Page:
If you watch Suze Orman’s TV programs you will hear her comment that people can be their own financial planner. Before I answer this question, I think I need to clarify what type of financial planner I believe Ms. Orman is referring to.
There are several types of financial planners, but for simplicity I will group them into two categories: Fee-only planners and “commission planners” who earn commissions by selling a wide range of investment and insurance products and provide financial plans and advice.
Within the fee-based category, there are 2 types of financial planners, those that help advise clients on every financial detail, and those that specialize in areas such as investments or retirement planning.
The type of financial planner that Ms. Orman seems to be referring to are fee-based planners who meticulously advise clients on every financial matter year-in and year-out for a fee. These planning firms use sophisticated planning and investment software, and are staffed by a wide range of highly educated people in many areas of financial topics. Professional planners providing this high level of service charge between 0.5% and 2% every year. There is a wide range of fee structures, but if you have less than $1,000,000, you should expect to pay over 1% of the value of your investment assets, depending upon the firm’s minimum fee and the size of your assets. Usually the fee percentage is smaller for larger amounts. Examples: a 1% on $500,000 would be $5,000. A 0.75% fee on $5,000,000 would be $37,500.
Suze Orman writes:
“we’ve become a nation addicted to contract labor. What past generations did for themselves, we now ‘outsource’ to someone else without a second thought.”
In order to answer the question “Can you be your own financial planner?” Three questions must be addressed:
The Financial Planning Association answered this question in their May 2007 Journal of Financial Planning article that said only about 2-3% of middle income people have credentialed financial planners, and one of the main barriers is cost. Most firms have required client asset minimums of about $500,000, therefore they target the top 5% wealthiest people.
In order to determine whether you can afford a planner you must consider whether you accumulated enough money to meet their minimums, whether you can afford to pay them out of your budget, and whether you can justify the cost. Will the fees be offset by increased investment performance (higher rate of return or less volatility) or will their advice save you money by better decision making and helping you spot possible problem areas with their educated eye?
Ms. Orman further writes:
“I think it’s imperative for you to do as much of the work as possible, rather than turning control over to someone else: your finances.”
I completely agree with Ms. Orman on this point. Ultimately we are responsible for our own financial future, whether we hire a financial planner or not. It is our decision to hire someone, to implement their recommendations, and to choose to what degree you will be engaged in the process. So whether or not you hire a planner you are still ultimately responsible for your finances. You are your own financial planner by default unless you give complete responsibility over all of your finances to someone else.
Start by learning about financial matters by reading, books, blogs and taking classes. Secondly, manage your finances by budgeting, balancing your checkbook and organizing your records. Lastly, create a written financial plan. All of these are made simpler and cheaper than ever today through financial planning softwareand the internet. It also takes courage to get started. Many people are afraid of financial matters, but if you can earn a paycheck you are intelligent and capable enough to become very financially literate.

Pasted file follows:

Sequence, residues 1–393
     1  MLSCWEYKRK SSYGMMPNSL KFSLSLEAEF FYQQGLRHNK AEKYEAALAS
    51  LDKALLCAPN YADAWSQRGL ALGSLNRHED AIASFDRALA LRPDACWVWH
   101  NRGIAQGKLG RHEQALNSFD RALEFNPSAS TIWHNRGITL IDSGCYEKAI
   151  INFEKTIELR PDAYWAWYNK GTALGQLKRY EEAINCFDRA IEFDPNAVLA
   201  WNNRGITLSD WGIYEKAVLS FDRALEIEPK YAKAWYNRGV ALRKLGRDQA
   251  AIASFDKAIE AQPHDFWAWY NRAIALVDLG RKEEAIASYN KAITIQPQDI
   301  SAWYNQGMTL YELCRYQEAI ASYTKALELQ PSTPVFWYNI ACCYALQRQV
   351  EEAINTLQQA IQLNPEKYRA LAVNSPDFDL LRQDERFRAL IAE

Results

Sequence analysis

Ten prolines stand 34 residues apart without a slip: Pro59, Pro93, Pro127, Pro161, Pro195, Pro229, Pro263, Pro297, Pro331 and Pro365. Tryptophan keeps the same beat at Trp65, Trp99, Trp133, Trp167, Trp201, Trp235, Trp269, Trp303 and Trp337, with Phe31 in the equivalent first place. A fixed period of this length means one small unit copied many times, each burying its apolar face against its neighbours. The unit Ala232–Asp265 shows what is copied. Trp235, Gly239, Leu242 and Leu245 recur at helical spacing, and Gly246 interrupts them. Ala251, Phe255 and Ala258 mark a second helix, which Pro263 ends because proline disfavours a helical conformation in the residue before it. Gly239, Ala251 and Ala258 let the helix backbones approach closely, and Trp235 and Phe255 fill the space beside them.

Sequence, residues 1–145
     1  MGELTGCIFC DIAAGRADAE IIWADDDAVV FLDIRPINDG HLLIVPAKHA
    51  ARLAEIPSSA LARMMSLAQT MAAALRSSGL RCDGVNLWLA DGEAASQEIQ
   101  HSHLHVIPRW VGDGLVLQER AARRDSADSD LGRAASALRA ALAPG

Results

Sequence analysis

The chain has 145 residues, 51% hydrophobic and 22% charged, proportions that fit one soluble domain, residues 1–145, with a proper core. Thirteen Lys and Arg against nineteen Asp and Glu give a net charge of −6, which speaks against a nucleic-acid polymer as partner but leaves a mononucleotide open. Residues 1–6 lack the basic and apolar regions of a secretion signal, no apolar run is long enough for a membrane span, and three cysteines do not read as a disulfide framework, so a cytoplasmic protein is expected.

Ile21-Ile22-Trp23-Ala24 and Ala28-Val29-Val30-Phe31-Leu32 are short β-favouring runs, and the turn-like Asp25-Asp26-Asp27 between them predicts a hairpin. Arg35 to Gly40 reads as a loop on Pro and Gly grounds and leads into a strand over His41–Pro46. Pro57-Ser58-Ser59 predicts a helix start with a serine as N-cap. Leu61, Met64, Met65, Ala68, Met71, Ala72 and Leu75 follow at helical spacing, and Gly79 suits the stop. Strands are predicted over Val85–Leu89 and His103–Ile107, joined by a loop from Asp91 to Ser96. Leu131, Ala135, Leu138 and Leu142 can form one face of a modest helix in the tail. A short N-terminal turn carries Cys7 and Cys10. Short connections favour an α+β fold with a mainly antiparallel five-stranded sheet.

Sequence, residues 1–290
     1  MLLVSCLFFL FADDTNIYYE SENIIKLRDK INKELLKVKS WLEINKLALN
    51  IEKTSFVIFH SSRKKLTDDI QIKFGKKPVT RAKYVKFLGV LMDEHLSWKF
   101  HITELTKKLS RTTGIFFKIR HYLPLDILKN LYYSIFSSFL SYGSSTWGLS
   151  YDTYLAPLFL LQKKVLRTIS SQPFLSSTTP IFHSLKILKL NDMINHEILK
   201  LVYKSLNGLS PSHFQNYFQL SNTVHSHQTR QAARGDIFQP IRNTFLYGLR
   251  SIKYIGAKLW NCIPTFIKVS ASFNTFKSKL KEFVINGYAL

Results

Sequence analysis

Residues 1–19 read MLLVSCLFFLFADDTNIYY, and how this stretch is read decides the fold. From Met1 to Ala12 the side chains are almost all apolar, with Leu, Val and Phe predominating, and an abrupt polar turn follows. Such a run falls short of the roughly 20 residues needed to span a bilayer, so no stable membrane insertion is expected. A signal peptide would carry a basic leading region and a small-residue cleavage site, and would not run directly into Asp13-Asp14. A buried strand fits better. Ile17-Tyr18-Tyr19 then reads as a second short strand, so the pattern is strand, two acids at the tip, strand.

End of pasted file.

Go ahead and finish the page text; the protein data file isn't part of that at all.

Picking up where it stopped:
I really appreciate the fact that Ms. Orman empowers and equips women to take control of their financial lives, because the research that we have done indicates that women are at a particular disadvantage when it comes to financial planning and retirement.
Do we need professional trusted advisors: financial, investment, tax, legal, and insurance? I believe the answer to this question is yes, but not everyone can afford to put them on retainer and pay them fees every year.
It is my belief that you should do as much as possible of the managing, planning and self-education about finances on your own. When it comes to implementing and reviewing your financial, investment, insurance, estate and tax plans you should hire advisors to help you — but you probably won’t need each of them every year. You should also revisit your plan at least once a quarter, when thinking about buying a car or home, or if you are facing a significant life change.
To find the best financial, investment and insurance advice, ask friends and relatives for referrals. Then determine their experience, service, credentials, fees or commissions, complaints/regulatory infractions, and personality. There are some good financial planners that will advise you and charge you only an hourly rate, and there are some good commission based planners that can help you as well.
There are several situations which probably require the need to hire a financial planner. If you are going through a death or divorce, have a special needs child or spouse, or retirement is soon approaching consider hiring a planner. In addition if your financial life has many moving parts, large investment assets, high income, you own a business or real estate, have a blended family, you probably need the advise of a financial planner. I often meet couples that both have very healthy incomes and are extremely busy between working over 50 hours a week, traveling, and going constantly to children’s activities — they probably need a financial planner.